I feel athletics needs to offer more, to not only attract children (and their parents) but to retain them through their teens. We will struggle to retain injured athletes though and well rounded physical preparation programmes will not only enhance the long term physical competency and performance potential of athletes but hopefully increase their robustness.

With all that in mind we began including basic rolling and handstand progressions with Youth Academy athletes during 2016 (with the support of a willing gymnastics coach at Ulster University who offered couple of mentoring sessions.)  Athletes enjoyed it, progression was clear and it was nice to offer more than a standard linear track based warm up for athletes (pole vault, multi eventers and javelin) who would ultimately have far more complex movement problems to solve.

Through 2017 & 18 I wanted to further enhance my own expertise. I created a progression model for each of our key rolling, crawling and handstand components and began training at Primal Strength & Movement myself. (Peaking at 13 unbroken chin ups only 10 years too late to improve my javelin!) This allowed me to build a relationship with Lewis Irwin (calisthenics and movement coach at Primal.) Bringing Lewis onboard at the Youth Academy allowed us to refine our approach combining my vision for physical preparation and knowledge of specific movement requirements for javelin and pole vault with his excellent demonstrations and technical understanding of gymnastics rings and parellete work.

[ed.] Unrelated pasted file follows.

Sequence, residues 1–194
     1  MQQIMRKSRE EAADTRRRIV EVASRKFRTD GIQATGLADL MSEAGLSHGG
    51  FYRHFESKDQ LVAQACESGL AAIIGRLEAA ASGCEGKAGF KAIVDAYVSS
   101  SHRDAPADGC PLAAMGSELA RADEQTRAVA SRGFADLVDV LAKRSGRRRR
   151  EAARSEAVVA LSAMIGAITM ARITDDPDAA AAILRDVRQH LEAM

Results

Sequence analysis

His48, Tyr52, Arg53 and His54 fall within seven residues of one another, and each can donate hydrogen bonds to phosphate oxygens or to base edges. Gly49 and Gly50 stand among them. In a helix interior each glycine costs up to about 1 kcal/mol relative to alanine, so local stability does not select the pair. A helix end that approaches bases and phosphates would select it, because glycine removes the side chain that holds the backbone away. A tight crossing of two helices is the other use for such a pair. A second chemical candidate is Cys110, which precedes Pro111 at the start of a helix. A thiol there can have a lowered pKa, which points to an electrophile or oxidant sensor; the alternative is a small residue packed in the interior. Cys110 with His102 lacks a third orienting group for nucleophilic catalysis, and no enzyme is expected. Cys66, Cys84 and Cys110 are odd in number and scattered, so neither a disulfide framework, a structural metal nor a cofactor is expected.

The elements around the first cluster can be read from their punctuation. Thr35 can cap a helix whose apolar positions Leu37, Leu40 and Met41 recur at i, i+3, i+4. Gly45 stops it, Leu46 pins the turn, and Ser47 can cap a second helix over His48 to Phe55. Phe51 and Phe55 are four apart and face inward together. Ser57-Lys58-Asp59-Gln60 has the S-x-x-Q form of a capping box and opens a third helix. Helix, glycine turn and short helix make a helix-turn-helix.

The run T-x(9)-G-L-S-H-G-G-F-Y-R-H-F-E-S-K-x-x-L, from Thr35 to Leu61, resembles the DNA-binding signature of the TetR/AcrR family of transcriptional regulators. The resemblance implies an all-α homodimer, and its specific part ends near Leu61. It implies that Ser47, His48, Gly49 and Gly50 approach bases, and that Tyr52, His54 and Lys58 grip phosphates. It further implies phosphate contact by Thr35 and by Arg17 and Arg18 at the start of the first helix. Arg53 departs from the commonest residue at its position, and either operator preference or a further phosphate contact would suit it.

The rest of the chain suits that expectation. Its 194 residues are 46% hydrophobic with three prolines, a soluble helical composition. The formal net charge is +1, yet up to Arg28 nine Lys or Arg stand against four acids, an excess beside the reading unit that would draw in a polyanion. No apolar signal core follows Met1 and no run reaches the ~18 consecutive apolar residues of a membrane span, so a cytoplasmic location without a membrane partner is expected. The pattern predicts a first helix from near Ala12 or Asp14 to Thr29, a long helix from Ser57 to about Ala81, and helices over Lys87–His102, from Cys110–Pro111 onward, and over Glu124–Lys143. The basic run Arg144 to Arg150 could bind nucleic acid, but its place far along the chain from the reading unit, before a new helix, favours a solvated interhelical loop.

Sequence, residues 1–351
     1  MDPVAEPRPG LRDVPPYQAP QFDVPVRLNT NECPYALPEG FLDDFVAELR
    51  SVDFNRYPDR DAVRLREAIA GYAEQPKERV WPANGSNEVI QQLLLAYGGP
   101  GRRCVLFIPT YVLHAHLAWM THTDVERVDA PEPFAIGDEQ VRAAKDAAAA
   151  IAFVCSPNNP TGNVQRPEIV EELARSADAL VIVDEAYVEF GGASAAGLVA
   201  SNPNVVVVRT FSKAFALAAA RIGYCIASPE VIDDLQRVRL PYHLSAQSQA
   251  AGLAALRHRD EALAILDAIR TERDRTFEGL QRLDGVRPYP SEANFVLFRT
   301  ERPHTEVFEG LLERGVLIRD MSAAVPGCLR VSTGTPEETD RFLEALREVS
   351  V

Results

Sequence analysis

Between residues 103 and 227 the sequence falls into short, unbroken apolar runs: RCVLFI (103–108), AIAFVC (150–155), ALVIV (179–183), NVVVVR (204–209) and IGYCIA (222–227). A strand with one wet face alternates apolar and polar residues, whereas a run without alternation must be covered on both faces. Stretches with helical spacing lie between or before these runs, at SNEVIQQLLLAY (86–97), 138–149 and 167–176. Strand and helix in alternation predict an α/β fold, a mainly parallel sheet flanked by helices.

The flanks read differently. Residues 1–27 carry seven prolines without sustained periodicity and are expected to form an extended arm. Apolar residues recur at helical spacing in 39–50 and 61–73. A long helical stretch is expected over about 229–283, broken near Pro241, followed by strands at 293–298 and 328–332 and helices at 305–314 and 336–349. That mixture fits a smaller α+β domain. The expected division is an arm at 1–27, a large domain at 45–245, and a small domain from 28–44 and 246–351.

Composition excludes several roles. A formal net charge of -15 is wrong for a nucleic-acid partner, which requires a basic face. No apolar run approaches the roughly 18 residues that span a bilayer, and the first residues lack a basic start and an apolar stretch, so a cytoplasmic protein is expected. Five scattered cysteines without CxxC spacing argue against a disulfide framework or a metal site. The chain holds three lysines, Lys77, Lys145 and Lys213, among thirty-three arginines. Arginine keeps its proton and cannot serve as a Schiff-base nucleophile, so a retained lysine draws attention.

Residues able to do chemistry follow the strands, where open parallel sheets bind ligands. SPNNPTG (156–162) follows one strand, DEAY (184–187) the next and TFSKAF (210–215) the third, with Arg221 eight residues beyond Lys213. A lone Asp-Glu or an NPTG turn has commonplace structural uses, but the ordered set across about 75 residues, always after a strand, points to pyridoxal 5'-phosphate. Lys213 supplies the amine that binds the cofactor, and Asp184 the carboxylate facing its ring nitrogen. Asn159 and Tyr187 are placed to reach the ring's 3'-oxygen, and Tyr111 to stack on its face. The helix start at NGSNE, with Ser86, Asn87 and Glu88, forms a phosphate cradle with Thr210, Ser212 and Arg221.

Athletes like Ellie Mccartney (Pole vault) and Jack Magee (Javelin) have had break- through seasons in 2018 and enjoyed this type of training.  Specifically Ellie has increased her relative strength and improved her ability to control her pelvis and lower limbs in inverted positions aiding bar clearances.  We’ve trained inversions on parallettes and rings (e.g shoulder stands to L sit and tucked front lever progressions) using isometrics to increase her time under tension. The pay off in her pole vault has been evident.  Special mention to Ellie’s Pole Vault coach Jim Alexander for embracing this approach and guiding her to a fantastic vault of 3.90m this season!

 

 

 

Jack’s javelin has also benefited from enhanced body control and increased range of movement in thoracic rotation and extension this year. Scapular retraction, protraction and pelvic tilts in active hanging positions have also been staple exercises in his programme and these have primed ‘skin the cat’ and ‘lever’ progressions on gymnastics rings as well as handstand walks.